FACINELLI: That sort of character doesn't interest me. To the extent that I ever imagined playing a vampire, it was always one who is more mysterious than monstrous -- like Bela Lugosi in "Dracula." The brutal, horrific stuff never appealed to me. I've always been more interested in the character of Carlisle than the idea of playing a vampire, and being a good guy is what he's all about.
PIONEER: What's it been like being involved in such an enormously female cultural phenomenon?
FACINELLI: I think the films have their share of male fans, especially now that the stories are becoming more action-oriented as the series progresses. But I love the fact that "Twilight" is something that particularly appeals to women. That's something I enjoyed about the books from the beginning. I grew up with sisters, so I know something about what it's like to be in a world that's male-oriented in so many ways. It's very rewarding to me to see a theater crowded with women enjoying a story that appeals to them directly and specifically. I love being a part of that.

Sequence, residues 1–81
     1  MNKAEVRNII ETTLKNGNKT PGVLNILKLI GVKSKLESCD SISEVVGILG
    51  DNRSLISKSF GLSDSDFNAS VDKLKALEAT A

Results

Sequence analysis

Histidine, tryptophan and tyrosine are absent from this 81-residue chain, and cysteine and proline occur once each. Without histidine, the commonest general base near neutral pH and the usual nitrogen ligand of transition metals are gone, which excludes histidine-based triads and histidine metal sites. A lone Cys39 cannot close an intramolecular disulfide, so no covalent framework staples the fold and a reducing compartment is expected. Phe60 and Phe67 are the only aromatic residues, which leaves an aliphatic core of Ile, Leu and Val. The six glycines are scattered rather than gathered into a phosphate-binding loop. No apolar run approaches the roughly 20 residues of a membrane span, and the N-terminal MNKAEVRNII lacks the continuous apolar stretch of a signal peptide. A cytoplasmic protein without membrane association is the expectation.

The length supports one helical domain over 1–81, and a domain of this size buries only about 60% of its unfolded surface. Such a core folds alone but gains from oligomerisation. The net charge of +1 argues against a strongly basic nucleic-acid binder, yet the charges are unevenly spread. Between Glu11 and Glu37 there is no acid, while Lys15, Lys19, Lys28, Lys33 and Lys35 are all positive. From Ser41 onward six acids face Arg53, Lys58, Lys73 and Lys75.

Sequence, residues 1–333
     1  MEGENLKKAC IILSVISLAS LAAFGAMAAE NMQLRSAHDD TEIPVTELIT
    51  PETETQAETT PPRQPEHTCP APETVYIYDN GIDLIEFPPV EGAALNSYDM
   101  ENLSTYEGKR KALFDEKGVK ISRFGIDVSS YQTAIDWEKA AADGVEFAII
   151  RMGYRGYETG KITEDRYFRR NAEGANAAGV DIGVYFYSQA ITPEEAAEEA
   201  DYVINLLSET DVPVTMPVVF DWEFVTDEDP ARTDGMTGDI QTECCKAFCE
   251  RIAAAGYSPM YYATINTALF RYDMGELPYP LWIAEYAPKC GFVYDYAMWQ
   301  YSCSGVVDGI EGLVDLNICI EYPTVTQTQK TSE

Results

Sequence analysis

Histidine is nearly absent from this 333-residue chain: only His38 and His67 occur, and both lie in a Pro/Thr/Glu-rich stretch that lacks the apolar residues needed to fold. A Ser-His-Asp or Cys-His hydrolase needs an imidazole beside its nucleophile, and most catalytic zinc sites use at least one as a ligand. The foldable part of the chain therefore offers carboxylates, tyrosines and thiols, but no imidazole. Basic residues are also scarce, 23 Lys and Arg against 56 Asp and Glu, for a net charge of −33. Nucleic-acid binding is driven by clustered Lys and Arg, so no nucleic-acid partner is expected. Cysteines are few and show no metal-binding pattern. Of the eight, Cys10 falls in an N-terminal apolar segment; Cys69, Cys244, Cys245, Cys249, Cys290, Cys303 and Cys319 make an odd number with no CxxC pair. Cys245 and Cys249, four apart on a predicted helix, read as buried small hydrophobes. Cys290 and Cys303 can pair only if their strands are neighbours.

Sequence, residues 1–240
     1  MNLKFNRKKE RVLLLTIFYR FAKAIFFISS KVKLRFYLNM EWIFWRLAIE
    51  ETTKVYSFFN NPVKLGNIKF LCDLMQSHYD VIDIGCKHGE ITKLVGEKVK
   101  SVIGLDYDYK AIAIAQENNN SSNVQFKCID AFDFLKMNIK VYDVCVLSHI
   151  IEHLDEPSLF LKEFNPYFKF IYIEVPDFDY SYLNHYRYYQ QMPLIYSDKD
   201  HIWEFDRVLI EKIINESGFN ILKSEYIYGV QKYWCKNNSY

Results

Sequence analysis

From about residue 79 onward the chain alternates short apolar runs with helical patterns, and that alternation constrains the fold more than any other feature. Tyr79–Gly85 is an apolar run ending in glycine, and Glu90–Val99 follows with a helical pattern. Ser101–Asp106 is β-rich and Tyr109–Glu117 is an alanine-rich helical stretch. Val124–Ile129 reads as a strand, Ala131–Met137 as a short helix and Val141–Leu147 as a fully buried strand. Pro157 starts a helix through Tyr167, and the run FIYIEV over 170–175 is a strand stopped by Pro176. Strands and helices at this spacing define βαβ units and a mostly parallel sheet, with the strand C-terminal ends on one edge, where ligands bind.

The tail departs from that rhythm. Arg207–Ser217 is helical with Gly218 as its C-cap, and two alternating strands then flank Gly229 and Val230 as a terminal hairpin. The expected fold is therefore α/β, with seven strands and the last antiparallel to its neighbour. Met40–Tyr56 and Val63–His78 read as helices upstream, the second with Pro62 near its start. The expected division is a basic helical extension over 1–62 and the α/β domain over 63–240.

Read the rest of the interview here.